Lisbon - Day 2 in the City of 7 Hills

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July 8th 2013
Published: June 12th 2014
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We spent our first day in Lisbon exploring the city center of Bairro Alto and Baixa (see for our blog on Day 1). For Day 2, we decided to travel to the outskirts of town to historic Belem, the scenic beachtown of Cascais, and the tranquil hillside city of Sintra. In Lisbon, you can catch a train from Cais do Sodre station by buying a Viva Viagem card for unlimited daily usage. Take the "Todas" train west to the town of Belem, which leaves every 20 minutes and takes about 10 minutes to reach the destination. Be sure to sit on the left side, which offers coastal views of the Tagus River for the entire ride.

In Belem, visit a pastry shop on Rua de Belem called Pasteis de Belem, where you have to try the creamy and sweet egg tarts full of flaky deliciousness referred to as Pasteis de nata. Continue on the same road westward, passing Jardim de Belem (a gorgeous park full of vibrant colors) to Mosteiro dos Jeronimos, a Jeronimos Monastery over 500 years old with architecture to match its history, making it a UNESCO World Heritage Site. Then walk south to Centro Cultural de Belem, a venue that hosts many events, one of which is a weekly "flea market" where local merchants come to showcase their work. Along the coast are two attractions that are good to visit, but not a must if time is limited. The first attraction is Padrao dos Descobrimentos, a monument commemorating the Portuguese Age of Discover during the 15th and 16th century, spearheaded by Henry the Navigator at the helm of the statue. The second is the Torre de Belem (Tower of Belem), which is also a UNESCO World Heritage Site. This tower served as a fort for defending the mouth of the Tagus River during the 16th century when Portugal was a global power. These two sites are free on Sundays so plan to visit them at this time, but arrive early morning to avoid thick crowds. After visiting these landmarks, catch the same train to Cascais, a beach town at the last stop on the line about 30 minutes west of Belem.

From the train station in Cascais, head southwest towards the beach, passing through the town center filled with mosaic stones adorning the roads, conveying a sense of ocean waves as you stroll through the
Central CascaisCentral CascaisCentral Cascais

A stroll through the town down an alley with wavy cobblestone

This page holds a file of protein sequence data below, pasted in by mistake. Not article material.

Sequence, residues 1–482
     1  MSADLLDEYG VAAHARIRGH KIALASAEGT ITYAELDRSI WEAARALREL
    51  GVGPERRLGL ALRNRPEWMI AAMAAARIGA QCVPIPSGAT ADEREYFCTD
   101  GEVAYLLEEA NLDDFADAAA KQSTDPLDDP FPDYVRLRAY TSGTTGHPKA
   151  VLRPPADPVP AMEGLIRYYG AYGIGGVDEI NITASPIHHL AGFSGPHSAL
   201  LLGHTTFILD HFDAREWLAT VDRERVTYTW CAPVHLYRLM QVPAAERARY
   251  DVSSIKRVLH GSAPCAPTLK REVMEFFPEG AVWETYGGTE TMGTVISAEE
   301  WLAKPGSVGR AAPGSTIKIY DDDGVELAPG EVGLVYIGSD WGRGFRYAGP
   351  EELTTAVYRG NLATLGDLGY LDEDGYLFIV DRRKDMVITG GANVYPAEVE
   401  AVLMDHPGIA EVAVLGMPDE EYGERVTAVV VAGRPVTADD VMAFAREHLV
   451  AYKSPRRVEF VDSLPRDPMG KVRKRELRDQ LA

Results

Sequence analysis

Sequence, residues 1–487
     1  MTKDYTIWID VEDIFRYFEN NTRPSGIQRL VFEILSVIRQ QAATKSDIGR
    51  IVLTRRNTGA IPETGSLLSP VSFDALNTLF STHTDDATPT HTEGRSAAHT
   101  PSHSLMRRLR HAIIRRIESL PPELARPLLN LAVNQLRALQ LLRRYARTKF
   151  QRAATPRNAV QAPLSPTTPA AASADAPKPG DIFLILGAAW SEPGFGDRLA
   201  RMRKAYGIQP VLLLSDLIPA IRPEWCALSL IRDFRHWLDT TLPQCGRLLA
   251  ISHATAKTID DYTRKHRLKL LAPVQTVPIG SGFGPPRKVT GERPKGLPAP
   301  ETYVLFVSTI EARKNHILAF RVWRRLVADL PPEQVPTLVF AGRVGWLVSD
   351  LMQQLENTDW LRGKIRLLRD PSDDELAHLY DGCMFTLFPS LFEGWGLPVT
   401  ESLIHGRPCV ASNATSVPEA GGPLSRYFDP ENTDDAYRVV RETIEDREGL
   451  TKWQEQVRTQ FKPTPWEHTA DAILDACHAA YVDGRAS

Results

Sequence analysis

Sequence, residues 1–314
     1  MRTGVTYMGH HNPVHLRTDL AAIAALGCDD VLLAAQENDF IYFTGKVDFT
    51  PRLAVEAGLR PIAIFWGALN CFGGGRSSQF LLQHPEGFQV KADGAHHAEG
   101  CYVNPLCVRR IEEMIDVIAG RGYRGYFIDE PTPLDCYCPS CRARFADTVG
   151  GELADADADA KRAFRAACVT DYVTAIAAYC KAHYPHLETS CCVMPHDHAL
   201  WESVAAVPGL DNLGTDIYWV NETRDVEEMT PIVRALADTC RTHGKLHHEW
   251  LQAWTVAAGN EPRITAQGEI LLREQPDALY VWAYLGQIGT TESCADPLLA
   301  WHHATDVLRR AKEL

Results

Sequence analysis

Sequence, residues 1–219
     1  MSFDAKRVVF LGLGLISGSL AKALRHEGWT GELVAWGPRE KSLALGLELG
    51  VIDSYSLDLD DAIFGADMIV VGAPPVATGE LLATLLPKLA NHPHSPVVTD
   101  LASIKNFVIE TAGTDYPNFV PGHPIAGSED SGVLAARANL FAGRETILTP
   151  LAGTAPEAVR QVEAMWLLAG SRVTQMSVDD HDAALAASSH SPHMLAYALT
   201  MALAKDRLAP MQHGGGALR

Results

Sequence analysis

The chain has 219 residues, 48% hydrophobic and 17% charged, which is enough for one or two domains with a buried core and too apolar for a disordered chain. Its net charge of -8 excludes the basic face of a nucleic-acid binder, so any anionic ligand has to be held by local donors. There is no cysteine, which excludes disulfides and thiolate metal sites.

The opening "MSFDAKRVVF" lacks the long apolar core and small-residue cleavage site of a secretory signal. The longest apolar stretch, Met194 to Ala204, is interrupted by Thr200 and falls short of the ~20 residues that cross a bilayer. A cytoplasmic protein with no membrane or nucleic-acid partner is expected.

marketplace. Weave your way through the various streets and alleys, stopping occasionally to look at the menus to see what piques your palate. We elected to stop at a seaside restaurant to grab a bite of sardines, a local specialty, before continuing our journey to the beach.

Praia de Ribeira is the nearby beach surrounded by a marina and a park called Parque Marechal Carmona, a perfect spot to take a breather, people watch, or unpack a picnic. This park also contains a zoo and lake, if that's what floats your boat. The next part of the trek requires a hefty walk, but it's worth it if you're a nature-lover or like a good photo-opt. It's called Boca do Inferno, which earned its name from the waves crashing so thunderously against the cliffs that people dubbed it the "Mouth of Hell." To get here, take a secluded 20-30 minute walk along the shoreline westward until you see civilization and the cliffs are on your left. Spend a good few minutes enjoying the soothing sea breeze before heading back into town to catch the Scotturb 417 bus to the next destination, a castle-ridden village called Sintra who Lord Byron (regarded
Palacio Nacional da SintraPalacio Nacional da SintraPalacio Nacional da Sintra

The courtyard looking up to the hilltop where Castelo dos Mouros resides.
as one of the best British poets to ever live) proclaimed as "the most beautiful in the world," attesting to the true seductiveness of this community.

The bus ride will take over 30 minutes, but once you arrive, you'll realize why you came. Sintra is an intimate little town that earned its classification as a World Heritage Site because of the castles that tower above the hills. Palacio Nacional da Sintra lies at the bottom of the hill, while Palacio Nacional de Pena and Castelo dos Mouros (Moors Castle) reside at the top. Palacio Nacional de Pena was the retreat for Portuguese royals during the 19th century and is worth a look, but Castelo dos Mouros is simply a pile of ruins that history-buffs may wish to see, but otherwise unremarkable. After a few short hours in Sintra, use the Viva Viagem card again to take a train back into Lisbon. Cap off a busy day with some good food in the Baixa district and get plenty of rest for in the morning, we're off to the port wine capital of the world, Porto!

Additional photos below
Photos: 7, Displayed: 7


 Boca do Inferno Boca do Inferno
Boca do Inferno

A cliff where waves crash along the shoreline so strongly, it's dubbed the "Mouth of Hell".
Pasteis de BelemPasteis de Belem
Pasteis de Belem

A small bakery where you can find pasteis de nata

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